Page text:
High gas prices curb local cab drivers' profits

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The temperature is rising...and so are the gas prices.

The cost of filling up has jumped nearly 20 cents over the last two weeks.

And there's no relief as we head into summer.

The Energy Department released estimates today that the average this summer will be $2.62 a gallon--25 cents higher than last year.

AAA puts today's nationwide price average at $2.68 a gallon; $2.60 is the average in our area.

Gas Price Outlook
Summer 2006: $2.62
Summer 2005: $2.37

Current Averages: (AAA)
Nationwide: $2.68
Augusta: $2.60

Local cab drivers say high gas prices are cutting into their profits and making it hard for them to operate.

Bryan Hyman of Radio Cab has been driving cabs on and off for about 20 years.

For him there is no way around the gas prices; he has to fill his tank everyday.

"Definitely I think they are too high," Hyman says.

Ronald Parker says his 12 hour days are sometimes extended to 16 hours just to help make ends meet.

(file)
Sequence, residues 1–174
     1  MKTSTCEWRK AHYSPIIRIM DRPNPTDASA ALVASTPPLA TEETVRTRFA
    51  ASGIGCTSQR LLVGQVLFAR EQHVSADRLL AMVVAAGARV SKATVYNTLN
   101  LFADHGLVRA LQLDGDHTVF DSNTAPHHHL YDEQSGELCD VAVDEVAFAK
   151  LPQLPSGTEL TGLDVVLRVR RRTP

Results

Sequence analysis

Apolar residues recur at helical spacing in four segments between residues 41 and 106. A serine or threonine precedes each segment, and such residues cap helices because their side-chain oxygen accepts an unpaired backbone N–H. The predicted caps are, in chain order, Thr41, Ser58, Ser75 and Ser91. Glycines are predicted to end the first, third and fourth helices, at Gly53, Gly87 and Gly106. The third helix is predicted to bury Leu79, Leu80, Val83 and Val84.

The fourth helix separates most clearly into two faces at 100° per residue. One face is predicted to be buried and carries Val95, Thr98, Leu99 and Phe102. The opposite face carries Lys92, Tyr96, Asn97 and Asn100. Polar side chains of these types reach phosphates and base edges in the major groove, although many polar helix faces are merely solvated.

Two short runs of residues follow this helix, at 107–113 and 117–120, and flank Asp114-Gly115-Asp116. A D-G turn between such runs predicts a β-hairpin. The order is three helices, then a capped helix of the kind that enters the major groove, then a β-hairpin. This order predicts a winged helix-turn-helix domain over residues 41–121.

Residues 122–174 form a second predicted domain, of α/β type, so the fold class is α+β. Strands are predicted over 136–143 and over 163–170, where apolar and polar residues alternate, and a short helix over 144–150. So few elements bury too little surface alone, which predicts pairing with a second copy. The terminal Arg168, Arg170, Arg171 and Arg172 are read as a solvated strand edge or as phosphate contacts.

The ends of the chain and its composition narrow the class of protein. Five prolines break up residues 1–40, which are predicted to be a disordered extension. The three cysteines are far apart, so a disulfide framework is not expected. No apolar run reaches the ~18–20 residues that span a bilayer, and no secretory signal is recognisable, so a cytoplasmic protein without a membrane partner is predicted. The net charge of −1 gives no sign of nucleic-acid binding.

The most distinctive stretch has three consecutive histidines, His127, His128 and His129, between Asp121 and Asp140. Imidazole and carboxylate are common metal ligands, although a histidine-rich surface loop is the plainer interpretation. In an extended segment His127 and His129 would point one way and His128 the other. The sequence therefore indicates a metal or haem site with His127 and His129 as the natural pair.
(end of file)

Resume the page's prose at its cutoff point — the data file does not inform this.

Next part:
Each time he tops off his tank, it's $40.

"You have to fill up from once or twice a day sometimes," he says.

Since gas prices are expected to rise even more, cab drivers say it's only going to make it harder to make ends meet. Some of them will have to give up the job altogether.

"It makes it hard to make a profit and it keeps you out here a little longer," Parker says.

"I just work a few extra hours to try and make up the money," says Hyman.

And $80 a day, five days a week can be expensive.

Some cab drivers are hoping that city commissioners will help them out with a rate increase.

"Each time the gas goes up, the cost comes to us," Parker says.

"I know the customers won't like it or approve of it, but I think if it goes as much higher as it is now they should consider it," Hyman says.

Putting in longer hours and less time with the family may be the only solution to help cab drivers like Ronald Parker and Bryan Hyman make a profit.

Some analysts say a $3 per gallon gas price is possible this summer if there are any unusual disruptions.

Prices spiked last year after Hurricanes Katrina and Rita.